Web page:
I am a white, past middle-aged woman who grew up in rural North Alabama. We farmed for a living, raising corn, cattle, hogs and cotton, which we picked by hand with extended family. We knew little but hard work. Never took a family vacation. I was engaged at fourteen, married at seventeen and divorced a few years later.
I had many lessons to learn about the world around me. I had never seen a black person until I was ten years old. However, my father and mother made a profound impact on my attitude toward race. I remember one day my mother and I were in the Cullman County Courthouse and I asked, “Mama, why are there separate water fountains?” Mother said, “There is no good reason, honey, no good reason.”
My father too influenced me by being against George Wallace. After George Wallace stood in the schoolhouse door at the University of Alabama, my father said, “I will never vote for him again. That could have been you trying to go to college.”
My life took some unusual turns that put me in contact with African Americans much more than most folks who grew up in rural North Alabama. I spent twenty-five years in higher education where I worked closely with black people. Also, I became involved in politics. In 1982, my husband, Paul, was elected to the Alabama House of Representatives where he served sixteen years. In 1998, I was elected as Alabama State Auditor and later as Public Service Commissioner. In 2002, I became the first woman in Alabama ever elected as a major party nominee for the U S Senate when I ran against Jeff Sessions.
During these years, Paul and I attended black churches and black political events on a regular basis. We came to know black people personally and listened to their stories and heard the pain of their past and present circumstances; poverty, poor schools and inadequate low-income housing. I learned about systemic racism.
So there is that phrase, “systemic racism” that we are hearing a lot of these days. As a woman of white privilege, I would like to offer my perspective.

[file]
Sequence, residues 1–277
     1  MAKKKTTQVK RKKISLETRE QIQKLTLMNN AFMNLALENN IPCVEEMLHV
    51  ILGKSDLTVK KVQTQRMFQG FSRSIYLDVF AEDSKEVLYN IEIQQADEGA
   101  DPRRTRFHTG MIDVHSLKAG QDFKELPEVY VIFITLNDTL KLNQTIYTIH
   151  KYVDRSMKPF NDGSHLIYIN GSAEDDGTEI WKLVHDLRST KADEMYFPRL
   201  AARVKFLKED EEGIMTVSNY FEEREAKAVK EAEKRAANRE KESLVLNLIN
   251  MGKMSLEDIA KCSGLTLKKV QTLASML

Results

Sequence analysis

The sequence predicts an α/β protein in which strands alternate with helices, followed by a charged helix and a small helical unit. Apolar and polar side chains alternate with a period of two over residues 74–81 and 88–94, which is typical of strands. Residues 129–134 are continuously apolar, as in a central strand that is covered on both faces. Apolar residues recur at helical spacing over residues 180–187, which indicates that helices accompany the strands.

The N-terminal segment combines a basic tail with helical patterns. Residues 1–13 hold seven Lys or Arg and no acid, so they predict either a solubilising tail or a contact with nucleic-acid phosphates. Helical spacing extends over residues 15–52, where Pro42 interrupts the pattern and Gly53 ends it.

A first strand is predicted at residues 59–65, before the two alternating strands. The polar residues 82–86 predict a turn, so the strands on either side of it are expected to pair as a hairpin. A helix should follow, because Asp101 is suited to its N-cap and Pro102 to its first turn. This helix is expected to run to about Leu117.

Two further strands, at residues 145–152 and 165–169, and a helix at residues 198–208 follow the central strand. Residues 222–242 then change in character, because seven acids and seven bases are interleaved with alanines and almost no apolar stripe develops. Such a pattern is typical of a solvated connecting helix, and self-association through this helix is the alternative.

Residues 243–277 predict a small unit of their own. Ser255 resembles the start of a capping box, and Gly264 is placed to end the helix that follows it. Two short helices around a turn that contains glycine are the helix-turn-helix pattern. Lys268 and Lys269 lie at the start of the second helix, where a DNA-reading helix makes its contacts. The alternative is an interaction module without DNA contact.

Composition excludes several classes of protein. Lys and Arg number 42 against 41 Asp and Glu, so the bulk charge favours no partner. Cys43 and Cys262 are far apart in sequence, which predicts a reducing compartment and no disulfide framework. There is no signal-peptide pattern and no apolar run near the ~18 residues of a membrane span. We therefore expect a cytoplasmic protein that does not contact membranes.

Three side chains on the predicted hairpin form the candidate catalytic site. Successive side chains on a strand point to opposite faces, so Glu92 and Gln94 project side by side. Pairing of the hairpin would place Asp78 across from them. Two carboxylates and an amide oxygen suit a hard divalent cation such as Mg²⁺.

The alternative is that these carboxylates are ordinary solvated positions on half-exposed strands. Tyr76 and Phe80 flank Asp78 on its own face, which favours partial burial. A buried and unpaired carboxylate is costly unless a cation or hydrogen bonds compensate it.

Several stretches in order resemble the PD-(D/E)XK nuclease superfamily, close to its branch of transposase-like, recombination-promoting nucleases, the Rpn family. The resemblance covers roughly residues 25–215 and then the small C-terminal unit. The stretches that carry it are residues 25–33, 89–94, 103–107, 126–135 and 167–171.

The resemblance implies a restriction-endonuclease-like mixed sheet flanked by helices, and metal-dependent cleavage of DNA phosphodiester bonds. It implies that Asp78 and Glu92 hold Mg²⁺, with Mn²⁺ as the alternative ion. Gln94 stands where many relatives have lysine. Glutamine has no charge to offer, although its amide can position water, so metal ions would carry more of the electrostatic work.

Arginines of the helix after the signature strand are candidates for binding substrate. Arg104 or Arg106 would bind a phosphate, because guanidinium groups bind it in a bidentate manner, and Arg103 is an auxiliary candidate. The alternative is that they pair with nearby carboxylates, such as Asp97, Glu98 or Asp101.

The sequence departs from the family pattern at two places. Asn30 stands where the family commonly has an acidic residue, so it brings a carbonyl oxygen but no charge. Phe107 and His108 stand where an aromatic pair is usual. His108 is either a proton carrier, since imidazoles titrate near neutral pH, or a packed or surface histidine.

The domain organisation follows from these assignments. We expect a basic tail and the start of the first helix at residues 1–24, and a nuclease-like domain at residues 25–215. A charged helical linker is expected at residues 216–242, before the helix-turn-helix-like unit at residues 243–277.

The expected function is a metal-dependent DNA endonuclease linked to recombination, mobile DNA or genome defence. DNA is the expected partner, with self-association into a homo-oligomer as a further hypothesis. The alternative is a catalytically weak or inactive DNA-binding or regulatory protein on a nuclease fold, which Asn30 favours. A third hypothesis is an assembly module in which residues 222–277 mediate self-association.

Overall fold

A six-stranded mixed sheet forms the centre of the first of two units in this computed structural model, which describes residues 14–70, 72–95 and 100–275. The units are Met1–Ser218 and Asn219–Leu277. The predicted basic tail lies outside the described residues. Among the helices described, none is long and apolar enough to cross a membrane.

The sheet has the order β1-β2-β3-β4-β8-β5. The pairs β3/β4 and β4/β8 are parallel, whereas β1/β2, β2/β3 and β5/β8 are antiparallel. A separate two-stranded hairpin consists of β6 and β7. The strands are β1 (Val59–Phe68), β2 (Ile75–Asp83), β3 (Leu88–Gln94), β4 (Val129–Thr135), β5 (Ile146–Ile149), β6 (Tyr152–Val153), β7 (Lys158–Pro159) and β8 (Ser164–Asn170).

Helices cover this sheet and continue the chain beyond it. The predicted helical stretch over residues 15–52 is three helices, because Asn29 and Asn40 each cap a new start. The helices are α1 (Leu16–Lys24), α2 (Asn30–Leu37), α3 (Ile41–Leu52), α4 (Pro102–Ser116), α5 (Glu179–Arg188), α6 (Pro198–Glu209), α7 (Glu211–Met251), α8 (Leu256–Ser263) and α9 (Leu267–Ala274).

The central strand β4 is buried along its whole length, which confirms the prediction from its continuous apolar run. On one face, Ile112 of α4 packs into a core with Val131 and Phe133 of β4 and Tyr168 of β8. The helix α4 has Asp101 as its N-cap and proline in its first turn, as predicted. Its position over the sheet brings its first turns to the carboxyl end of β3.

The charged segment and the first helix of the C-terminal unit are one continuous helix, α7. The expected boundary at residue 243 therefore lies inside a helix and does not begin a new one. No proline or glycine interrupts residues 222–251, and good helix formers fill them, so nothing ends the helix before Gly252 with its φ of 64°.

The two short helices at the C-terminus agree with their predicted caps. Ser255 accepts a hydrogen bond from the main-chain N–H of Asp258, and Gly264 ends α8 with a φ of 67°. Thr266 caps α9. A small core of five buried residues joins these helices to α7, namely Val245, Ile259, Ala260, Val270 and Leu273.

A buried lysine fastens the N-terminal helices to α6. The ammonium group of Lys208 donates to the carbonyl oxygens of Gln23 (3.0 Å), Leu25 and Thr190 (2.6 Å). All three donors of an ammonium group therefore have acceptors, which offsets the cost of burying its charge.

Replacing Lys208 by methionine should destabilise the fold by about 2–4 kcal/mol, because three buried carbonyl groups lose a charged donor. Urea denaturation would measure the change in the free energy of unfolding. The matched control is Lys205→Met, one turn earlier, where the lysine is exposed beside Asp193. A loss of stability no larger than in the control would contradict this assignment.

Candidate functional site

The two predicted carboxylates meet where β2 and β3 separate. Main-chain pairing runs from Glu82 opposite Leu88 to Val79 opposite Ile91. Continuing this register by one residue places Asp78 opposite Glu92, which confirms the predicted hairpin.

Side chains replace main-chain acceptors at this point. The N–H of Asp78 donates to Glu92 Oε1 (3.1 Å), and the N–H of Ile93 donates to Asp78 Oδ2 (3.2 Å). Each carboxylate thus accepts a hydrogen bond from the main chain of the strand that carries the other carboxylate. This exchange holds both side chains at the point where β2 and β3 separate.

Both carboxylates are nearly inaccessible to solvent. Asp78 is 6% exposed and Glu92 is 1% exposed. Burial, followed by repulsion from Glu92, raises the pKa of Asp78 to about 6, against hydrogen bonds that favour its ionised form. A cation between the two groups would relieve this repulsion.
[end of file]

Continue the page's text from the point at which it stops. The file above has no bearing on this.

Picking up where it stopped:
First of all, white privilege. If you don’t think you have it, I believe you are mistaken. You might be thinking, well I did not grow up privileged. Like you, I grew up scraping to get through college working two jobs. You may say, “I think everyone who works hard can pull themselves up by their bootstraps.” If you think that, it probably has never occurred to you that many people do not even have boots.
Throughout my life, I was always encouraged by others to succeed. I was praised and complimented for my hard work. I was told to “keep it up and you will get somewhere one of these days young lady.”
Contrast that with just a couple of examples from very successful black women. Former Secretary of Labor, Alexis Herman, spoke of being armed with her newly earned Bachelor’s degree in finance, with honors, she interviewed for a job in banking. The interviewer, an older white man, said, “Why did you waste my time applying for this job, you will never be anything but a secretary.” I guess “Madam Secretary” showed him.
Most of us have heard the story of Oprah Winfrey who said her white fourth-grade teacher told her that she would never amount to anything. Oprah told how these words inspired her to “show that teacher” that she would become accomplished and successful.